Norway

All photos available for print and licensing >

Photographers, tell me if you feel the same way: Sometimes after you travel, you feel like you need to just sit on the images before you can dedicate the time to edit them all. I don’t know what it is, maybe it’s the excitement of travel or something but I don’t know if I can do my best work right afterward I return home. Sometimes I’ll edit images along the way and be satisfied with them, but for the most part it’s always when I have had time pass where I’m really excited about an image. Am I the only who feels like that?

For example the image above. I have posted images from this same spot here and here and I really like them but I know I still have so many more images to edit and at the time I wasn’t too happy with them. I just needed some time to breath in between time to really remember the intention behind the image. So I ended up editing a whole bunch of images from Norway this past week. Some that I’ve posted before and redid, some that I have never worked on. I’m excited to share them with you  as time goes on:)

For this particular image, I love the mood that it is creating. Not only from the stormy clouds but the overall glow on the mountain sides and the ripples in the water. Norway is such a quiet country and I feel like this really conveys what it was like there. Ugh just looking at this image makes me want to go back. I loved visiting so much.

Just in case you’re planning on going, check out my road trip travel guide here.

My camera setting for this image is F10 at 1/40th sec and ISO 320 with my Sony A7II and 70-200mm ultra zoom lens.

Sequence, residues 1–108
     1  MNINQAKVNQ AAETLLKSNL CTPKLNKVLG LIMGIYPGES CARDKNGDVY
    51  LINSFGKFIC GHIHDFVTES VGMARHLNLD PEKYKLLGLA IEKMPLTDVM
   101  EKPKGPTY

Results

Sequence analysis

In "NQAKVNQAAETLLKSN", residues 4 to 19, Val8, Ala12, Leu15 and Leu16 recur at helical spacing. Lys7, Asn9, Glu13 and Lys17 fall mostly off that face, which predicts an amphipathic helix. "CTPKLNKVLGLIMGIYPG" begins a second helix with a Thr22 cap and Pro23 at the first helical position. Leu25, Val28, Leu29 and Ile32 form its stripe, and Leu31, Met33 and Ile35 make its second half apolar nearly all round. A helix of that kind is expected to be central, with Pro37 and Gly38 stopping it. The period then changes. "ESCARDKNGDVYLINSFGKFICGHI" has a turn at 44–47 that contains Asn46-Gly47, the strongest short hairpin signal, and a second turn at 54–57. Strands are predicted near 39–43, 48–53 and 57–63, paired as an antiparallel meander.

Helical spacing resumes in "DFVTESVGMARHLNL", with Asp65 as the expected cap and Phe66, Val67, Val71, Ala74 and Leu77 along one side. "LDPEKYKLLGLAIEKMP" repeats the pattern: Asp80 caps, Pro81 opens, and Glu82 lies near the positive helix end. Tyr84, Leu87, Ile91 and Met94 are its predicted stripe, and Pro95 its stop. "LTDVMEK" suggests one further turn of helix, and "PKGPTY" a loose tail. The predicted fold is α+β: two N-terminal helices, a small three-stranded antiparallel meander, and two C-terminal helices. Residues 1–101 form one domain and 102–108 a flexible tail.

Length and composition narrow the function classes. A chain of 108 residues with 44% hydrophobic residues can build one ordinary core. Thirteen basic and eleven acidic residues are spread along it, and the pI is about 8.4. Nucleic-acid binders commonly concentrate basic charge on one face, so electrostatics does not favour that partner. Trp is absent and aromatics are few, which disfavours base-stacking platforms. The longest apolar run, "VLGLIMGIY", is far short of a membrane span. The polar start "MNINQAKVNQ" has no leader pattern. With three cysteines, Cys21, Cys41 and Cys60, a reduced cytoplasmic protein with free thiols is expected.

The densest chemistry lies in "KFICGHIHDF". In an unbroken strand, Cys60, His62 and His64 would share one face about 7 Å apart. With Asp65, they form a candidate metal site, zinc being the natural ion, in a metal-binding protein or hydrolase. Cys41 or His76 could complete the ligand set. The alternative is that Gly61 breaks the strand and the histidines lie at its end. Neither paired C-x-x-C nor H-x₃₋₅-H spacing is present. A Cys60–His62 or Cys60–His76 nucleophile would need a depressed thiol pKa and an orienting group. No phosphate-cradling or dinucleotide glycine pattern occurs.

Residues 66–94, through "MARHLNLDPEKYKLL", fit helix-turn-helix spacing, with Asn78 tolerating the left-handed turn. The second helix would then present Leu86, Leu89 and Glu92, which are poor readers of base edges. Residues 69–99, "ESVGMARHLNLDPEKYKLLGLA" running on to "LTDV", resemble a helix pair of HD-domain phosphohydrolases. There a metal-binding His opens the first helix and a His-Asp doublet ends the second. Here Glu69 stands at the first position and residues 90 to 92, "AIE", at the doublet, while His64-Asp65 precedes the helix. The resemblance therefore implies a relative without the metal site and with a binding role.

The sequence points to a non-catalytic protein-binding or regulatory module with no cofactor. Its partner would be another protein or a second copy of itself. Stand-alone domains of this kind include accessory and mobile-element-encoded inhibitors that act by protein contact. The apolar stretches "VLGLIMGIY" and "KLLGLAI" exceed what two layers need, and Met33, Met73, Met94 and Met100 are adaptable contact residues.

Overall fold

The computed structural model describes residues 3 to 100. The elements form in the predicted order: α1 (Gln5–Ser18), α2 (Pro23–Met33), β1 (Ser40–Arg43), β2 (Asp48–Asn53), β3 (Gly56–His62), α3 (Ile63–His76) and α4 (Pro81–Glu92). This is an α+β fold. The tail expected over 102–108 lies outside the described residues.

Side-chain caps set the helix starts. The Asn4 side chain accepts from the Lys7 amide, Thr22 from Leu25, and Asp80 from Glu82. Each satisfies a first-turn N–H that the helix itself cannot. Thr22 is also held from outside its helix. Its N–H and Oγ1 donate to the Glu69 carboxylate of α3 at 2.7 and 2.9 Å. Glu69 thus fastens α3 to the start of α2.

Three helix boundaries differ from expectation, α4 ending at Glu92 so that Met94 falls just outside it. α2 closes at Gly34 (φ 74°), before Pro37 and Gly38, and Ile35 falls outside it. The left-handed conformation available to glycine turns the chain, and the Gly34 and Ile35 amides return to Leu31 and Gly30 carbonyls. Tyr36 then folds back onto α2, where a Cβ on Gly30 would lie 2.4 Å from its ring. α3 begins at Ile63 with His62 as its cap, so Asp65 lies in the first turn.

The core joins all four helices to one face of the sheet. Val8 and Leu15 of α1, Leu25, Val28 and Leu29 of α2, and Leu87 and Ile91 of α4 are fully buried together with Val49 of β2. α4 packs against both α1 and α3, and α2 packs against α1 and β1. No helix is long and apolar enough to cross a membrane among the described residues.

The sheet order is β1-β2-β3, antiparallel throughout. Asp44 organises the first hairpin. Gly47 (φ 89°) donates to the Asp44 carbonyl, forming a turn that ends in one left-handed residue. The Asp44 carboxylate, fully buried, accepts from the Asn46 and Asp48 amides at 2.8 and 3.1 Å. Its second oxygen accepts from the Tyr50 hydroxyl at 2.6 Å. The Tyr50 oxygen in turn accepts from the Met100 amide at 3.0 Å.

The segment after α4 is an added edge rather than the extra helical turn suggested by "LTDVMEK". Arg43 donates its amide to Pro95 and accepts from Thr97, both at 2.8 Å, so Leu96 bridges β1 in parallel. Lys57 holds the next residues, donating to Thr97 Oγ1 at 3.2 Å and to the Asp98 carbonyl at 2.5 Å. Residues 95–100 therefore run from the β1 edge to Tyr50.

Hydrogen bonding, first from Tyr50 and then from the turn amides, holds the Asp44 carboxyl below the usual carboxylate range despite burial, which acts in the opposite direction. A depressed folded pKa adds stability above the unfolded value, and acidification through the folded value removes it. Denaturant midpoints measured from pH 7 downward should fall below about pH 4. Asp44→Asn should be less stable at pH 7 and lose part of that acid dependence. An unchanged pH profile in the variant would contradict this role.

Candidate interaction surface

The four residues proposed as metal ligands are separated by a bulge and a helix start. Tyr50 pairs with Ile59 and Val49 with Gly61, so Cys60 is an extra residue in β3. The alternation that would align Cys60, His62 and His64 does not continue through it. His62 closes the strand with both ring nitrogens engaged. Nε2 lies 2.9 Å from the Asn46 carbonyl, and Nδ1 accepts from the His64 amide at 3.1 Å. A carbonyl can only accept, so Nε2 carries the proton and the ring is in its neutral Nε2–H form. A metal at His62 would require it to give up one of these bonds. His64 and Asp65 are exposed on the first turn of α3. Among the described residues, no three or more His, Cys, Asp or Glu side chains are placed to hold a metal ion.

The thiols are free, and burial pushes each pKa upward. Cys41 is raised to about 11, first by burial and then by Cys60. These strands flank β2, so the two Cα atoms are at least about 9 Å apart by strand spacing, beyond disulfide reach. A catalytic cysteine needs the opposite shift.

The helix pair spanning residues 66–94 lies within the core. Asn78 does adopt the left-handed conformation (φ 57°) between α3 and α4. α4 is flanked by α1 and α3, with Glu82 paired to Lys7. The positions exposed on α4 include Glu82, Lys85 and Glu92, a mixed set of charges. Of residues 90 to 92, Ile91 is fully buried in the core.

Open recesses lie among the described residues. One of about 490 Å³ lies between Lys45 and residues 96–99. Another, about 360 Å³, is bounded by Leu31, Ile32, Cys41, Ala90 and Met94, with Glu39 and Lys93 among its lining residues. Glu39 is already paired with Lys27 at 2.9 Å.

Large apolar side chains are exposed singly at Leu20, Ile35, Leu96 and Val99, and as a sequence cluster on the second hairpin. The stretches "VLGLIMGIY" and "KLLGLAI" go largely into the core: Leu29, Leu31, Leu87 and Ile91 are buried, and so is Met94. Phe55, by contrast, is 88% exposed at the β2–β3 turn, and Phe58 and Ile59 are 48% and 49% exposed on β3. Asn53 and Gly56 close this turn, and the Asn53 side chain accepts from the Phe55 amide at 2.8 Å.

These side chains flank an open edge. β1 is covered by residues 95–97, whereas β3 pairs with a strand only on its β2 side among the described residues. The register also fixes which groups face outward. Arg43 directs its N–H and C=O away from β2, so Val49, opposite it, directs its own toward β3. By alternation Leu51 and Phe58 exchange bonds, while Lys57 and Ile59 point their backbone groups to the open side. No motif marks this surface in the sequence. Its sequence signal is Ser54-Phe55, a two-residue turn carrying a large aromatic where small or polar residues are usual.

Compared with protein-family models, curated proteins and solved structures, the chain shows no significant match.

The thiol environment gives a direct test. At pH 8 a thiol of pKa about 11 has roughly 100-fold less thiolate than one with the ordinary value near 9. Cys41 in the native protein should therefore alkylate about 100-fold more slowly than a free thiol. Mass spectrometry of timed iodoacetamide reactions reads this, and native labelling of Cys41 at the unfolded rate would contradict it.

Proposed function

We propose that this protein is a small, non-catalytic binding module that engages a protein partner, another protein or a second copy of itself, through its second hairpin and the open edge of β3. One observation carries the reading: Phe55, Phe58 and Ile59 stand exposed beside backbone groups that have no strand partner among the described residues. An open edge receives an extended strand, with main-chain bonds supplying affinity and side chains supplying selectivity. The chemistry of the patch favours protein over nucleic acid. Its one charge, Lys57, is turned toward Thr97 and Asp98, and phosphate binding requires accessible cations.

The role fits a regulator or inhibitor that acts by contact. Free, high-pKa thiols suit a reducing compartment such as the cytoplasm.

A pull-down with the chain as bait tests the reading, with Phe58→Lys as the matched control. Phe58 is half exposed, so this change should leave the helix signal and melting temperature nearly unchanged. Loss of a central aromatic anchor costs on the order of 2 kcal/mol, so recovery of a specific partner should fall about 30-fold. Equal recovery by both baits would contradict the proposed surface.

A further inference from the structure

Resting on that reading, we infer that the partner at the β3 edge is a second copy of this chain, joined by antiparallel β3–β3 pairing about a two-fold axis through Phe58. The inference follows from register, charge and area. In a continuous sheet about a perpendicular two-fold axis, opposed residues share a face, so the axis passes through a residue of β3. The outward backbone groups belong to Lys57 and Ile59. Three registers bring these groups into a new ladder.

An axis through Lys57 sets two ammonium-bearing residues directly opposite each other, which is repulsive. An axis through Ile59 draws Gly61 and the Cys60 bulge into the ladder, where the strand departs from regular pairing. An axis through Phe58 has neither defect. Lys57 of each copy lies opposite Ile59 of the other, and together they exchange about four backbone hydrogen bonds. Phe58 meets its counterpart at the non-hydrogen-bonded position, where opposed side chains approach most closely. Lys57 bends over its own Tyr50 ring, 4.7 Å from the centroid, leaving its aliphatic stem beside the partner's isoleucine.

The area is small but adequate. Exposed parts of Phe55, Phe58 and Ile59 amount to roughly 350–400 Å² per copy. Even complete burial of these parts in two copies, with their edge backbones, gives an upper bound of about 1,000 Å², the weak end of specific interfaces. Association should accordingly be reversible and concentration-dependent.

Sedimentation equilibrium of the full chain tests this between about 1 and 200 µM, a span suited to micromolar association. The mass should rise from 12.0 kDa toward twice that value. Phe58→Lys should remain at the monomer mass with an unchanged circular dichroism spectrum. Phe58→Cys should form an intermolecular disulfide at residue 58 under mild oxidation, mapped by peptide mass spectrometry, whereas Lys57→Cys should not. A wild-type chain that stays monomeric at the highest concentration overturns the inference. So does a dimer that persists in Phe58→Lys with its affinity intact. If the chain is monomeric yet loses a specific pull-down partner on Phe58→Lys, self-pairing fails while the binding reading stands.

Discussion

All photos available for print and licensing >

A little throwback to our trip to Norway earlier this year.

One of the highlights of the trip was going up to the top of Mt. Fløyen in Bergen. I loved riding the funicular to the top because it seemed like it would have been a pretty steep hike up. The views were nice but for the way down, Andrew and I decided to just do it on our own and walk it. I’m glad we did it that way because we were able to capture the things that we weren’t able to photograph on the way up. Plus it’s a whole lot easier going down then up.

So as we started our descent, Andrew and I were talking about how glad we were to be in Norway. Then I just stopped in my tracks. I saw this scene and knew it was going to make an amazing photograph but it needed a person in it. I asked Andrew if he could stand in the middle and he walked over without any hesitation. It was a little awkward because the city itself is so quiet while I’m over here trying to yell posing directions to him. Sign language worked a bit, but next time I know to pack the walkie talkies. LOL just joking. I don’t actually have walkie talkies and I’m sure Andrew would not like having to carry one, on top of all my other camera equipment. LOL.

The rest of the hike down was easy with a lot of switchbacks making it even easier. So if you ever find yourself in Bergen, I’d highly recommend just buying a ticket to go up and making the trek down.

My camera settings for this image is F5.0 at 1/40 sec and ISO 2000 with my Sony A7II and 16-35mm wide angle lens.

All photos available for print and licensing >

I’m pretty sure I’ve mentioned this at least 100 times since we’ve been back from Norway, but my favorite part of our whole trip was our stay in Geiranger. It seriously took my breath away and every time I think of our trip, Dalsnibba pops straight into my head.